The plunder is getting worse
• Building new roads through the forest up to five miles at a time.
• Reconstructing old roads through the forest up to 10 miles a time.
• Bulldozing up to four miles of pipeline and utility rights-of-way through the forest.
• Closing roads and trails used for recreational purposes.
Adding illegally built roads and trails to the official USFS road and trail system.
According to estimates from a number of forestry and environmental organizations, the proposal would eliminate public and environmental review from more than 90 percent of all USFS projects.
The Forest Service says it needs to do this because, among other things, the agency has a backlog of “special use permits or renewals” that “are awaiting environmental analysis and decision affecting more than 7,000 businesses and 120,000 jobs.” [The jobs are not needed if in fact the US has a full employment rate of 3.5% unemployment. ]
Evans, who works in the Southern Appalachian national forests, went on to call the USFS proposal “an attack on the very idea” of public lands.
The USFS insists that the changes “meet both the spirit and intention of the NEPA,” but critics see the recent proposal as part of a larger trend.
In Vermont, recent USFS projects in the Green Mountain National Forest (GMNF) have sparked concern among a number of environmental organizations, including the VNRC.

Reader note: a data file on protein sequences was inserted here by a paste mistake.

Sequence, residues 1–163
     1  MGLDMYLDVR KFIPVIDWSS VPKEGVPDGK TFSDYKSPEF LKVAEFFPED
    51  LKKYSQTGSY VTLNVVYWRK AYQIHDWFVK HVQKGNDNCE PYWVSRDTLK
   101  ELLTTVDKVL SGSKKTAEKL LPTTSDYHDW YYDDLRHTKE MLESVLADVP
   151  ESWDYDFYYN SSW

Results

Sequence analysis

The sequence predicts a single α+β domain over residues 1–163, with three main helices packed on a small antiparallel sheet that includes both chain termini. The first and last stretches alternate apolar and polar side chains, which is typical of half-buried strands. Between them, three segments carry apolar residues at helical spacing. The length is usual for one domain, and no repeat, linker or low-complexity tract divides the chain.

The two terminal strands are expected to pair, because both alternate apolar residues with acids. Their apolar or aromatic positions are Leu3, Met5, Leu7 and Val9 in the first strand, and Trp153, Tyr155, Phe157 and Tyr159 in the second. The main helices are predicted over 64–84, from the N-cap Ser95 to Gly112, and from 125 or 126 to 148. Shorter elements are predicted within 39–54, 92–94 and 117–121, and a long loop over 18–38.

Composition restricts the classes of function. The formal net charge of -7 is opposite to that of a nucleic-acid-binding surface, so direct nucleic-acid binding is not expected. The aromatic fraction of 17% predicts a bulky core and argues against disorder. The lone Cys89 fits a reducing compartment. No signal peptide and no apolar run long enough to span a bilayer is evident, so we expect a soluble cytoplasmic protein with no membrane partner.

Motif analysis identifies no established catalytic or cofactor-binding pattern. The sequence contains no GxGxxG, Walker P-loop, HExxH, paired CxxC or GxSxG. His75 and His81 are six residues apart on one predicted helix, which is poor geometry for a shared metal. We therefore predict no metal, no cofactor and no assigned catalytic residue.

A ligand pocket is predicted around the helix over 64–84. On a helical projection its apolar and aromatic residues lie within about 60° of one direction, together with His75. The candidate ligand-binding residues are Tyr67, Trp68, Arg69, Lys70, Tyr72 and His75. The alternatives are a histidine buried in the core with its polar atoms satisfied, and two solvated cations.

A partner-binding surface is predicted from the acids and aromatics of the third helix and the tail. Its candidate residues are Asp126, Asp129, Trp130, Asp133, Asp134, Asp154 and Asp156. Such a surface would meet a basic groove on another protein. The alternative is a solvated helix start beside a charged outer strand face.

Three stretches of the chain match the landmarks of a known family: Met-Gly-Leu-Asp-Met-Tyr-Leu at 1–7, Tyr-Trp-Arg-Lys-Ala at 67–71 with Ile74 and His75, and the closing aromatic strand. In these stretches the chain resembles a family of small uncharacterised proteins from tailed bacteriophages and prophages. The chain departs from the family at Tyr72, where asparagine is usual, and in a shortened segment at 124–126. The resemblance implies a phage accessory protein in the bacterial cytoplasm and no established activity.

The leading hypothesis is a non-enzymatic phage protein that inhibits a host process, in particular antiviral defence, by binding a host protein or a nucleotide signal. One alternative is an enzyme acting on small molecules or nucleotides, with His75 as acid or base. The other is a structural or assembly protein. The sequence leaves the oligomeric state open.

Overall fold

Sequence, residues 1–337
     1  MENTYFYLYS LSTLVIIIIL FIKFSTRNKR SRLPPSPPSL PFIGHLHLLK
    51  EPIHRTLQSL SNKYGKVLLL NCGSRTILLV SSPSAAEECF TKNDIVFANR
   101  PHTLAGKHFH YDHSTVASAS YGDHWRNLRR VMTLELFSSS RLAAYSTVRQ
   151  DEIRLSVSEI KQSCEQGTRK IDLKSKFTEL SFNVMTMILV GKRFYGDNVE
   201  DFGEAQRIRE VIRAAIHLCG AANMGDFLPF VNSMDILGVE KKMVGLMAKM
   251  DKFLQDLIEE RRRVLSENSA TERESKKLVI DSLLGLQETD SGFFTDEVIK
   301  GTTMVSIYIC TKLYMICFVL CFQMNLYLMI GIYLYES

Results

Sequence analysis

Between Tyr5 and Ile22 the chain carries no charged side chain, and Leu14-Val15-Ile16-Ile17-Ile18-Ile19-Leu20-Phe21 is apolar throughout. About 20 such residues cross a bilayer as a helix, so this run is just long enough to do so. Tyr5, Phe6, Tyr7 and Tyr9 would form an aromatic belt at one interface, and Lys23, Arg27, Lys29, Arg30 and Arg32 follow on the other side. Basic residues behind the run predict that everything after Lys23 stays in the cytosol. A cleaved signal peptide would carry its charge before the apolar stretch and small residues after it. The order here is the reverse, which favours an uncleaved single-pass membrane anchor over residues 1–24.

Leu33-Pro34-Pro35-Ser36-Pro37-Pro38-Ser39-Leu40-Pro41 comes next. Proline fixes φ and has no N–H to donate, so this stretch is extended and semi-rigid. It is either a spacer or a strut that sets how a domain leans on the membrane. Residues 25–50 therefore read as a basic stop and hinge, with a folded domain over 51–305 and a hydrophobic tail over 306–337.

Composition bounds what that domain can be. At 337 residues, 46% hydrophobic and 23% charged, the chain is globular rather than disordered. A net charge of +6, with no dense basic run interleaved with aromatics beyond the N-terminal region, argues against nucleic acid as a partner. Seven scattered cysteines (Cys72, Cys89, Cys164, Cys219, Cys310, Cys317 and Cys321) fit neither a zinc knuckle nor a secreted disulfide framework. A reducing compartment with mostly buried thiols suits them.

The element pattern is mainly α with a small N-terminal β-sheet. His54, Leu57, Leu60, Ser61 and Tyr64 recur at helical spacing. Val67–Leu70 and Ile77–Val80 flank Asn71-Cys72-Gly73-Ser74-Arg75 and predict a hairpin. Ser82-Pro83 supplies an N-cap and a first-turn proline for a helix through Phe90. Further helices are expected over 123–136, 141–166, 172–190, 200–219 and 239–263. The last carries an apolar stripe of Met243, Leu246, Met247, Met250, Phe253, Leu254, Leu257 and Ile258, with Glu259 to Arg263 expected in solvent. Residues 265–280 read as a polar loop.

“In the past, when the Forest Service has undertaken major projects on the GMNF there has been ample opportunity (in accordance with the NEPA) for public comment and involvement,” wrote VNRC officials in a May 3 blog post. “VNRC has participated in these opportunities and we have enjoyed a collaborative relationship with the GMNF.”
Altogether, according to the VNRC, “the Forest Service is planning to construct 84 miles of road (57 miles of new and temporary roads and 26.7 miles of reconstructed roads over the next 15 years) with no opportunity for public comment on the environmental impacts of these activities.”
Supporters of public and environmental review see the proposed NEPA changes as an attempt by the Trump administration to codify the Forest Service’s recent practices.
And many of them are fighting back.
“Please make your comments specific and unique to your concerns and relate your comments to a particular national forest, like the Green Mountain National Forest,” wrote VNRC officials on July 25. “The Forest Service will lump together (similar comments) and count them as one comment, so please make your comments unique to be counted.”
• online via https://www.regulations.gov/comment?D=FS-2019-0010-0001 (Note: This info has been updated from the print version of this article.)
• or by mail to NEPA Services Group, c/o Amy Barker, USDA Forest Service, 125 South State St., Ste. 1705, Salt Lake City, UT 84138.
• or by email to firstname.lastname@example.org. (Note: This info has been updated from the print version of this article.)
Reach Christopher Ross at email@example.com.